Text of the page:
In this painting, you find bright and vibrant colors, but the within the tails of the feathers you see the "eyes" of the peacock feather. In greco-roman mythology, the peacock was made from Argus, who had a hundred eyes. This piece is a statement on how the male form is one that naturally seeks to express colors and emotions, but gets interrupted by watchful eyes. Men are constantly "watched" and pressured by society to remain stoic and hold in their feelings. From childhood, if a boy cries, he is told to "be a man" and stop, whereas their sisters are not conditioned to hide their feelings this way. This societal conditioning confines men and keeps them from fully expressing themselves.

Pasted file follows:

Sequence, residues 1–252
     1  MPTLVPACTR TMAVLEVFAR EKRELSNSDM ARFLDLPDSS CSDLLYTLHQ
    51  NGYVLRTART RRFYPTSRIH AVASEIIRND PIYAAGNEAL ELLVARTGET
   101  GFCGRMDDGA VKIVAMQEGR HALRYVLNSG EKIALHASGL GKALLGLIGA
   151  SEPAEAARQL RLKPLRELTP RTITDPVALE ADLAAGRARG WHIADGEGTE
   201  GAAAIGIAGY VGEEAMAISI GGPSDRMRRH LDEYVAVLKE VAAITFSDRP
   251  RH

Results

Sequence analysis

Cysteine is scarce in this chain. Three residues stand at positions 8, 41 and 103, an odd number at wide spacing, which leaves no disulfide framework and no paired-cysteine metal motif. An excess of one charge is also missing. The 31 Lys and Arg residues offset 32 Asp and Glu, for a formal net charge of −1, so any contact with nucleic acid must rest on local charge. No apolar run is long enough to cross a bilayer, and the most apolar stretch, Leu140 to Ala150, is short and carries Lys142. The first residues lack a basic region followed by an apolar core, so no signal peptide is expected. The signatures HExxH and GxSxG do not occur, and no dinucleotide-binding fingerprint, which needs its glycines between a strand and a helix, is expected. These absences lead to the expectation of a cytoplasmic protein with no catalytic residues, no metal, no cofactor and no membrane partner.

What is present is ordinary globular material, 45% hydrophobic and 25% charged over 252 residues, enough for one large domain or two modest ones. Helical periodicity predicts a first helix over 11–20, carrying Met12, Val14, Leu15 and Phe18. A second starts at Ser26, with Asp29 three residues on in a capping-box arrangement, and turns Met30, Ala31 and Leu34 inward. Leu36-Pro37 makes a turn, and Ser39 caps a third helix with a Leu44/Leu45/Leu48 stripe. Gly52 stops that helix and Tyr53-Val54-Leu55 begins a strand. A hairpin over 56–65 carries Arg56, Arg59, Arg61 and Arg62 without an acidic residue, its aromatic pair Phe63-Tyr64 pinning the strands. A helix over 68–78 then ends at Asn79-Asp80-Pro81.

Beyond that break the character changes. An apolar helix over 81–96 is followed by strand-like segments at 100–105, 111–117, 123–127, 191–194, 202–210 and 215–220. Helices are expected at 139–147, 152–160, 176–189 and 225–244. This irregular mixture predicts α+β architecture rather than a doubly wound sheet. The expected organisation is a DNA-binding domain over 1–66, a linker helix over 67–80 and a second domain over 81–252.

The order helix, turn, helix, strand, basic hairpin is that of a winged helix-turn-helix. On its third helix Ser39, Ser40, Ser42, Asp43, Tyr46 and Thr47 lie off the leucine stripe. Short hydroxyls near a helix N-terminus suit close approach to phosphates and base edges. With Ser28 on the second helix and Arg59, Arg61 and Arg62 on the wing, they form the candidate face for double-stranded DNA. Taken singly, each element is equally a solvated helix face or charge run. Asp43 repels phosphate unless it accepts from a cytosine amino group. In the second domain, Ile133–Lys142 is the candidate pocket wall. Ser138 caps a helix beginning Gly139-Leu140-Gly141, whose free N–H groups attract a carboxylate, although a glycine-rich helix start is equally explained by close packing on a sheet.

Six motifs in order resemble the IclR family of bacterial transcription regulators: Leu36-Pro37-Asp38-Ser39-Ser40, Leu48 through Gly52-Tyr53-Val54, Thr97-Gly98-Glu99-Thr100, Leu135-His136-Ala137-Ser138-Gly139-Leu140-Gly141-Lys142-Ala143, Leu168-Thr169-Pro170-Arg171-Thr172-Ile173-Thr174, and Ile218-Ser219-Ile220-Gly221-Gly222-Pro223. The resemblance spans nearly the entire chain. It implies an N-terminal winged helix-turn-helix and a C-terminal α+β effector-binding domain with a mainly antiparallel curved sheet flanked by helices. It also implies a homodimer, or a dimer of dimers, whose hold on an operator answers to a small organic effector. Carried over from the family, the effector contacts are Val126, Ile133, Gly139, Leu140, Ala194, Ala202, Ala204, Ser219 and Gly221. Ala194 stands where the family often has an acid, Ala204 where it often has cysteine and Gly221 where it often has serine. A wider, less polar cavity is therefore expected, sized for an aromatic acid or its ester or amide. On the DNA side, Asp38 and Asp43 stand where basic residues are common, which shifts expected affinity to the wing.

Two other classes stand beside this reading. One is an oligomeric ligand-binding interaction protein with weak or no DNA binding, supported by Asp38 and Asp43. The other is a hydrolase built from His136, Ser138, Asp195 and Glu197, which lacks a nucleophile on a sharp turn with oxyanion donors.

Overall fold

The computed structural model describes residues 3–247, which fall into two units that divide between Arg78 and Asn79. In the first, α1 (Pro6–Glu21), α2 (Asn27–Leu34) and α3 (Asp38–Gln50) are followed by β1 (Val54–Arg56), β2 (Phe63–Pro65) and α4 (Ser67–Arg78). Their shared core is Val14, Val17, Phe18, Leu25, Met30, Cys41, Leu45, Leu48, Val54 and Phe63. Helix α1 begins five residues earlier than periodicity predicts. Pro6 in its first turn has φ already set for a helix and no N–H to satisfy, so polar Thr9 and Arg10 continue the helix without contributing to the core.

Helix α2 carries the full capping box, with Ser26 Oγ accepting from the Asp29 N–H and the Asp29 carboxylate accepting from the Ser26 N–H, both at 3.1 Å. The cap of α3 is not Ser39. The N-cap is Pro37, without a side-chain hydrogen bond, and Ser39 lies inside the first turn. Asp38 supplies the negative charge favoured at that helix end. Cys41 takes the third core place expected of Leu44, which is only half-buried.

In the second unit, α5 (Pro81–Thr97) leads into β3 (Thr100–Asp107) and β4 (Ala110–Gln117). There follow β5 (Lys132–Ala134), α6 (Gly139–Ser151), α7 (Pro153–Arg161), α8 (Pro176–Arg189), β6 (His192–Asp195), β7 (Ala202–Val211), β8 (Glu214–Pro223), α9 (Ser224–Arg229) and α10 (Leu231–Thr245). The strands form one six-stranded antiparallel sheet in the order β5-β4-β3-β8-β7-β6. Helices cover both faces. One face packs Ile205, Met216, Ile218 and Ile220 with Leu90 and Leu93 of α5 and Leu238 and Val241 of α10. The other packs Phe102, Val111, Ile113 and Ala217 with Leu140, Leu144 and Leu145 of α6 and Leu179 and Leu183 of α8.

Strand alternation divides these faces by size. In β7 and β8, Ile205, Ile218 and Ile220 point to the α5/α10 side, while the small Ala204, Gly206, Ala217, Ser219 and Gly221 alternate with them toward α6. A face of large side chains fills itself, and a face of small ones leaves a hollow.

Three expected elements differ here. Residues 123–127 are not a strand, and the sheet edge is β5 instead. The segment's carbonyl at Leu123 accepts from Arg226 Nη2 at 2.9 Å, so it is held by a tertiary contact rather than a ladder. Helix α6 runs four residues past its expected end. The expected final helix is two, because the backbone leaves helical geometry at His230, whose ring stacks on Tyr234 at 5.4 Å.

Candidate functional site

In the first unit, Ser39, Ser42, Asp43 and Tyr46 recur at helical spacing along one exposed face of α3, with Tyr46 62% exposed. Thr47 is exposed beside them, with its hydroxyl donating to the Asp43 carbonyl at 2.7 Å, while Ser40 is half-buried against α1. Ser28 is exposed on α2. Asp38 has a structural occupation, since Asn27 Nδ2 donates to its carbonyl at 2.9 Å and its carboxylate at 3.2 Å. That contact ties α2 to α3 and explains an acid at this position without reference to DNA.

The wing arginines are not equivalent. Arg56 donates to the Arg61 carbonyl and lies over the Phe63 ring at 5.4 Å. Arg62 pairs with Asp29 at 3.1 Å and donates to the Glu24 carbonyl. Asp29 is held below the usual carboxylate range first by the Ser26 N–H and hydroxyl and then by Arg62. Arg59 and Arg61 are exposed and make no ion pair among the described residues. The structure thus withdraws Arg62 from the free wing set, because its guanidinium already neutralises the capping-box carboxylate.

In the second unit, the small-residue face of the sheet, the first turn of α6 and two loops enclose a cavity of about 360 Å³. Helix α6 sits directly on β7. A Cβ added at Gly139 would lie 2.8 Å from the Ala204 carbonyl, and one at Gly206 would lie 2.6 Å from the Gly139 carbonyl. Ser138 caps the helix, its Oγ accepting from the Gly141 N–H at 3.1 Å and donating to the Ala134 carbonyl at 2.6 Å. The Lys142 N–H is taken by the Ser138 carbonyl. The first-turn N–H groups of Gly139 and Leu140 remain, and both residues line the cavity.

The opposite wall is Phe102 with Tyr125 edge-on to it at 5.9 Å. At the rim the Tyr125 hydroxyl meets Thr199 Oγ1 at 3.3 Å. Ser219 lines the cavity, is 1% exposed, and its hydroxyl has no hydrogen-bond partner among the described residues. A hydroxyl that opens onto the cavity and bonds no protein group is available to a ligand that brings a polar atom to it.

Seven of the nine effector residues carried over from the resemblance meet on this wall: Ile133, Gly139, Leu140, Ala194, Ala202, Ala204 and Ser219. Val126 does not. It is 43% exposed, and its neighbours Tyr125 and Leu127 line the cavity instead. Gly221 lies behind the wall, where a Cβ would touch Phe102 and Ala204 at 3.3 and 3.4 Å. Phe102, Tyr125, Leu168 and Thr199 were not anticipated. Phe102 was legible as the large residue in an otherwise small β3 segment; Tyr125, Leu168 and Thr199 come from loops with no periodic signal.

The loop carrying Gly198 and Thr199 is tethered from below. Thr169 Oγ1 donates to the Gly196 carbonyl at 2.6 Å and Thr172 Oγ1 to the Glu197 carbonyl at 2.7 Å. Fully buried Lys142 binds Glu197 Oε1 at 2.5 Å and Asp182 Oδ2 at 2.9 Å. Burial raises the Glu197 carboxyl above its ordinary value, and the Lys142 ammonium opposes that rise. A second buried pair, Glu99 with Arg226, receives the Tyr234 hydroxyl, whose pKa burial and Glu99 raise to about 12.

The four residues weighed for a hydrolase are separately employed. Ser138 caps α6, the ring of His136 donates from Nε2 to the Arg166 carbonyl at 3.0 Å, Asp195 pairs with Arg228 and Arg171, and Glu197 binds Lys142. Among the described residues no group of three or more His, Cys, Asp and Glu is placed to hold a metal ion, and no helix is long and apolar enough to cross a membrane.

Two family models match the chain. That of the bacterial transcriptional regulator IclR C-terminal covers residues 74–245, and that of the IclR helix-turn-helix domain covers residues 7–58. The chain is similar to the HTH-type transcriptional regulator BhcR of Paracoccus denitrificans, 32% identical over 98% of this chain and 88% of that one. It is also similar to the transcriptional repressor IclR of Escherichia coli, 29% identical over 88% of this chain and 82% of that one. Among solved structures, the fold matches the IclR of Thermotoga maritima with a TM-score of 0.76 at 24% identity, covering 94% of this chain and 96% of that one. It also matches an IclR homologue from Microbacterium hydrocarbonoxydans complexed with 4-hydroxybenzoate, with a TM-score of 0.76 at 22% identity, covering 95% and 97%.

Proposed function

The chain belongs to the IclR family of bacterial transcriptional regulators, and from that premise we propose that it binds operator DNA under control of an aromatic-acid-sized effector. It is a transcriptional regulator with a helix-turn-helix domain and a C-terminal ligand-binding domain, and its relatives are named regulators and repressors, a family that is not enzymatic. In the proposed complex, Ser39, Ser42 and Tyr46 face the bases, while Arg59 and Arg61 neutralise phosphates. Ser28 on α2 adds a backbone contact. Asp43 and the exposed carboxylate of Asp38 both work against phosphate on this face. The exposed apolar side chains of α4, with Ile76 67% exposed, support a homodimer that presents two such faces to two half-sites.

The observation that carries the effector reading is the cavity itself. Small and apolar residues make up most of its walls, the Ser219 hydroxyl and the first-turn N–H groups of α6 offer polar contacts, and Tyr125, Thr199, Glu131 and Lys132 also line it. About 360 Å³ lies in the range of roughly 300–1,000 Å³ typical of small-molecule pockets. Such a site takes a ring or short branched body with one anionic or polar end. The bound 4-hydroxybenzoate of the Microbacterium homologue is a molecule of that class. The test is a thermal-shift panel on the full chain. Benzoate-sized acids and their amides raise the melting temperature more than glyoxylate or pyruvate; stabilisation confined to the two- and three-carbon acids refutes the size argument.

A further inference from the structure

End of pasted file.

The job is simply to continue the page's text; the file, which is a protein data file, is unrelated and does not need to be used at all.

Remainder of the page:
The red at the bottom of the painting is symbolic of anger/violence that starts to pool up when emotions have to be bottled up. The red starts at the bottom and is starting to block off the colors of the peacock slowly. It looks as though it could engulf the entire peacock if it pools up more, but the colors seem to be keeping it at bay. The gold line separating them symbolizes the balance between societal expectations, and the psychological response to them. As seen in the painting, the line is not straight- it is turbulent and swirls chaotically in the chest of the peacock.
Kar, Jeena A.
"The Expressive Male Bird,"
be Still: Vol. 2, Article 32.
Available at: https://nsuworks.nova.edu/bestill/vol2/iss1/32